With California’s growing wildfire risk, PG&E will expand its use of an advanced technology that quickly and automatically shuts off power within one-tenth of a second if a potential threat to the electric system, such as a tree branch falling into a powerline, is detected. Launched as a pilot in July 2021, Enhanced Powerline Safety Settings (EPSS) will be expanded to all distribution powerlines in high fire-threat areas this year.
“As we strive for our goal of zero utility-caused wildfires, we recognize a critical need to deploy these enhanced safety settings on our powerlines in the areas that face the greatest threat,” said Mark Quinlan, PG&E’s vice president of Transmission and Distribution System Operations. “In tandem with the company’s other wildfire prevention efforts for 2022, including beginning to underground 10,000 miles of electric distribution powerlines and installing more weather stations, high-definition cameras and microgrids, the expansion of these advanced safety settings will help make our system safer for our customers.”As of Dec. 31, 2021, these enhanced safety settings reduced California Public Utilities Commission-reportable ignitions by 80% on EPSS-enabled circuits in High Fire-Threat Districts (HFTDs) last year. This is compared to the prior three-year average across more than 11,500 HFTD miles.
This year, PG&E plans to expand the program across 25,500 HFTD distribution line miles within the company’s service area and in select adjacent areas. Compared to Public Safety Power Shutoffs, which are a last resort when severe weather conditions such as high winds are forecast, EPSS is effective any time when extremely dry fuels make powerline faults more likely to spark a fire.
Enhanced customer support
Although these new safety settings make the electric system safer, having the power turn off quickly and automatically results in customer outages. PG&E is working hard to reduce the outages and increase the resources available to affected customers. During the 2021 pilot, after optimizing the equipment and improving the efficiency of restoration processes, the average customer outage length on EPSS-enabled circuits decreased by 40%.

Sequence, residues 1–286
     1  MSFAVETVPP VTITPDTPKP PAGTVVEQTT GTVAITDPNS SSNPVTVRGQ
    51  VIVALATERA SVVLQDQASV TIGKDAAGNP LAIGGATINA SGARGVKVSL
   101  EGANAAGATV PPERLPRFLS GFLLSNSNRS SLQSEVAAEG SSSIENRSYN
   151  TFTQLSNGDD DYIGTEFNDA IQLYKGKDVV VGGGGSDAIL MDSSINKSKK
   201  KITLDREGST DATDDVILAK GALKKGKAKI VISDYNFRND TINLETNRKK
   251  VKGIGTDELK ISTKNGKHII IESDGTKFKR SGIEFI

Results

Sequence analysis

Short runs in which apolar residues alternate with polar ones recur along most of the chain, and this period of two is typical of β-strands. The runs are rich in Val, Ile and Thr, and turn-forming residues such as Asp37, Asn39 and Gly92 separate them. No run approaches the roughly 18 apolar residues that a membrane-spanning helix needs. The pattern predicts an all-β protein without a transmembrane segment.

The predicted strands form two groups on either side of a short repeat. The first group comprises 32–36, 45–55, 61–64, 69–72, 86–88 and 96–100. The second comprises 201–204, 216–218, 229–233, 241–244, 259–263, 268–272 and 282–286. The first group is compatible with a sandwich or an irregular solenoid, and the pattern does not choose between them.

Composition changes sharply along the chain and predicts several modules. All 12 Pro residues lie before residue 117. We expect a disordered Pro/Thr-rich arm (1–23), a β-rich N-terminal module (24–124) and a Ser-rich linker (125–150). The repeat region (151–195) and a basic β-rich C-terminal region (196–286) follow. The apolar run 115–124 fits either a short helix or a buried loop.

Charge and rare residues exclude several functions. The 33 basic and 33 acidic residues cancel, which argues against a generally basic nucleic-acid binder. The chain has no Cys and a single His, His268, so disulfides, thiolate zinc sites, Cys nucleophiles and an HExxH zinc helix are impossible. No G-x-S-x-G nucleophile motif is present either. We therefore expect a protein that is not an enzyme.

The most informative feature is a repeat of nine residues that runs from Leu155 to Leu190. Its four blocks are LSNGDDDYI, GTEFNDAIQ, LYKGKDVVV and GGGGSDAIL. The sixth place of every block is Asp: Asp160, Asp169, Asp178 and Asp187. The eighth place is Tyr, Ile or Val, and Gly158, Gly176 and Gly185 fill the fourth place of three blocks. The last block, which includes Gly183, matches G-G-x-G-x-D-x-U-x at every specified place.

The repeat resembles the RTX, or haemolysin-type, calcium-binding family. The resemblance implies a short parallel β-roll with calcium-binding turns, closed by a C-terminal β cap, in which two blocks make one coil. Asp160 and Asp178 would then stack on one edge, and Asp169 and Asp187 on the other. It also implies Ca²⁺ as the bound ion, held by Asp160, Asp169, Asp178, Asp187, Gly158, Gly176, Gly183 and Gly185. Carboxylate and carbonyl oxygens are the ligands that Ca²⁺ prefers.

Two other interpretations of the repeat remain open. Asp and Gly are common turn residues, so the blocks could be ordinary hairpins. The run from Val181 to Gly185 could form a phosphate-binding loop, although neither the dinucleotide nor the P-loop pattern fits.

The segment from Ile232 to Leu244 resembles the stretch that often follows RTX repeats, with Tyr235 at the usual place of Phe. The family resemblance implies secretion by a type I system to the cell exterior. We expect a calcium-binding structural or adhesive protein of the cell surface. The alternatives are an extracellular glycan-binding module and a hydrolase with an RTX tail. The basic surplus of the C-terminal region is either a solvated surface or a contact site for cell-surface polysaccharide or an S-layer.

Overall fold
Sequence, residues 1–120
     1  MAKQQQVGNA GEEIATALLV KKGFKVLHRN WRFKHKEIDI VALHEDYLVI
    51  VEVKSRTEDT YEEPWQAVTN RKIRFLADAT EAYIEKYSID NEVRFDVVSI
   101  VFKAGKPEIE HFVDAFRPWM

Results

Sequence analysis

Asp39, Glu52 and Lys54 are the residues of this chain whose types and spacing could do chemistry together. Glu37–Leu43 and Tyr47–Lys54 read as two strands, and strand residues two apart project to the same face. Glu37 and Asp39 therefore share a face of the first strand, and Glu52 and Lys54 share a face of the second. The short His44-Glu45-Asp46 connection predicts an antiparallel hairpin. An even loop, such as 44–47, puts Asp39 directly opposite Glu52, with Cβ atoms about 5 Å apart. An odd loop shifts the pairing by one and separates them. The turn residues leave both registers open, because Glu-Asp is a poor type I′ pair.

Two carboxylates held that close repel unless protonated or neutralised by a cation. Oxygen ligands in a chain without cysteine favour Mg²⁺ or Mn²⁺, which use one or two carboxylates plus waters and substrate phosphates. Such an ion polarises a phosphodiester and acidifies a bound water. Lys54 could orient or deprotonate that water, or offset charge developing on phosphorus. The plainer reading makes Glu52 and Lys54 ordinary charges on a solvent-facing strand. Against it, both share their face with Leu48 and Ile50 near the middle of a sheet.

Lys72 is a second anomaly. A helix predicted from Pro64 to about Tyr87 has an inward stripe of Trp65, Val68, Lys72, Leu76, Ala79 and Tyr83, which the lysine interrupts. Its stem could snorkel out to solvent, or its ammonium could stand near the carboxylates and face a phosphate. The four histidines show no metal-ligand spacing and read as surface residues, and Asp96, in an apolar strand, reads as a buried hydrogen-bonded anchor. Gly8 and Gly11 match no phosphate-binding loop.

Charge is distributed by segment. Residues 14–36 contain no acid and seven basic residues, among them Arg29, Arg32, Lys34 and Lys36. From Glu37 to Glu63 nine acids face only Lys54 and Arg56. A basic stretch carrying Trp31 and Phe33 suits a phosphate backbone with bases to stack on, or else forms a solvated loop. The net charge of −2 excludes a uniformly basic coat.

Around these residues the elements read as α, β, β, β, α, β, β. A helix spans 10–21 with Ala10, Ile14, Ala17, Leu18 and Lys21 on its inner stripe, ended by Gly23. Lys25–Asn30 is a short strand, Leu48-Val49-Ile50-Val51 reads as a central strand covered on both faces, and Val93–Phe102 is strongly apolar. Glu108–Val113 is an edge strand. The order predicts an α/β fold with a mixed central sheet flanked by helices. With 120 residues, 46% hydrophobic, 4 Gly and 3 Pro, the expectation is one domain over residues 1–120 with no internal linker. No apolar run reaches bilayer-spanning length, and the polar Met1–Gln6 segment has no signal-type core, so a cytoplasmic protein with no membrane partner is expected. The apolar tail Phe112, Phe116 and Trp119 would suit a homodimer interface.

PG&E also has resources to help customers prepare for outages and stay safe. In 2022, changes to our programs include:Additional improvements to the program in 2022 will enable a more surgical approach to minimize the frequency and duration of outages and reduce the number of customers impacted. That includes being operationally flexible during wildfire season when it comes to enabling the enhanced safety settings circuits. PG&E is also bolstering communication and engagement efforts with potentially affected customers and communities in HFTDs and nearby areas during and after service interruptions. This will include automated outage alerts with improved estimated time of restoration information. Additional communications include newsletters, webinars, letters and emails; updating the EPSS page on our website; and providing information via social media sites such as Nextdoor and Facebook.
- Increased funding and expansion of eligibility for the Generator Rebate Program, which is for customers who rely on well water, as well as for customers in our Medical Baseline Program and certain small businesses.
- Removal of the low-income requirements for the Portable Battery Program, available for eligible customers in our Medical Baseline Program who live in high fire-threat areas.
- The expansion of the Backup Power Transfer Meter, now being offered to all customers on EPSS-enabled circuits.
Additional actions include:
Before wildfire season: Engineering settings on devices on powerlines to ensure wildfire mitigation benefit and improved coordination amongst devices. Conducting preseason engagement with customers, media, agencies and additional stakeholders to proactively communicate the 2022 Enhanced Powerline Safety Settings expansion and available support. Performing system maintenance and vegetation management to make the electric system safer and improve reliability.
During wildfire season: Engaging customers and communities by sharing information, resources and support through multiple channels; pre-staging critical customer solutions, such as temporary generation and auto-transfer switches at schools and hospitals; informing customers when circuits return to normal settings with the onset of saturating rain. Staffing up and preparing helicopters to respond quickly to outages when they occur and establishing a robust outage review process to address outage causes and mitigate future outages.
After wildfire season: Sharing key program takeaways from the year via progress reports, emails, website updates and social media; and incorporating lessons learned into future program plans.
For more information, please visit pge.com/epss.